Currently on tour to promote the new album, Chelsea Williams will be headlining the renowned NYC venue, The Bitter End, on September 11th, and will be opening for Rusty Young and Poco on September 13th at Manhattan’s City Winery.


 
A phone call from Chelsea on August 23rd provided the opportunity to discuss her remarkable path to success ...

 

 

Roy Abrams:  I want to congratulate you on Boomerang! How does it feel?

 

Chelsea Williams: It feels amazing! I’m so proud!  I’m dreaming![Laughs]

 

RA:  Listening to the album for the past couple of days, I’m loving what I’m hearing. If we could, let’s circle back to earlier times. Something that fascinates me about your trajectory is what you did at the Third Street Promenade in Santa Monica, California. How many years did you perform there? How frequently were you appearing? (I know that they have a rotational performing schedule.)

 

CW: I still play out there, occasionally. I definitely hung out there for about ten years. There have been periods of time where I’ve played there more often, but there was a time when I played there around 20 hours a week.

 

RA: You started while still in high school?

 

CW: No, I started when I was 19.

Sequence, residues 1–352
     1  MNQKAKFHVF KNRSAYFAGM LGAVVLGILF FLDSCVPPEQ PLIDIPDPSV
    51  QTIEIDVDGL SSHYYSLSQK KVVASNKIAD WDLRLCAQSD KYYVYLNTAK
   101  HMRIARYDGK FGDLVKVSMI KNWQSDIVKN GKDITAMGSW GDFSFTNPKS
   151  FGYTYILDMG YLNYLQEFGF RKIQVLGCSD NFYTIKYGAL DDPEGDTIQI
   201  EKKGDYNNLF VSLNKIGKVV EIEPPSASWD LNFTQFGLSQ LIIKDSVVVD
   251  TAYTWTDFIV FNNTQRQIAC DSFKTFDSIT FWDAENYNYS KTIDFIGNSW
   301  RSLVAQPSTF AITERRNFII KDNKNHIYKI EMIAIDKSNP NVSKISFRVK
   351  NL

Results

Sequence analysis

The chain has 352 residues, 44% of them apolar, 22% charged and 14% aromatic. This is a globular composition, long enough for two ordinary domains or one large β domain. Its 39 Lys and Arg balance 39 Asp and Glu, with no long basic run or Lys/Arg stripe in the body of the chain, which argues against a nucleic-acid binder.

RA:  So many musicians are devotees of busking. What’s your take?

 

CW: It’s a really beautiful experience, because you kind of get people’s gut reactions. Some people go (to the Promenade) to listen to music but most people are there to shop or to eat lunch or do something else besides listen to music, so it’s kind of interesting to see what types of people you can get to stop; people who weren’t there to see me. It ends up being a really great connection, too, because it’s quite different than playing onstage in a dark room where you can’t see the audience. You know, you’re like two feet away from them, looking them in the eye, which can be terrifying, but I also think it creates a stronger connection between the audience and the performer.

image by Hadas Di
 

RA: I understand that you started playing guitar at 13. When did the live performances begin?

 

CW: I think I started playing coffeehouses in L.A. around (age) 15.

 

RA: What’s the indie support scene like in L.A. these days?


CW: You know, I’ve kind of been a little bit of a lone wolf over there, doing my own thing, playing on the Promenade, and working my own way up.

 

RA: So interesting that you connected with Sheryl Crow in the Promenade environment!

 

CW: Yeah, I’ve met all kinds of cool people. Ron Howard also bought my CD out there. [Laughs]

 

RA: So, Kirk Pasich from Blue Élan Records encountered you there one day and basically said, “Let’s put out an album.”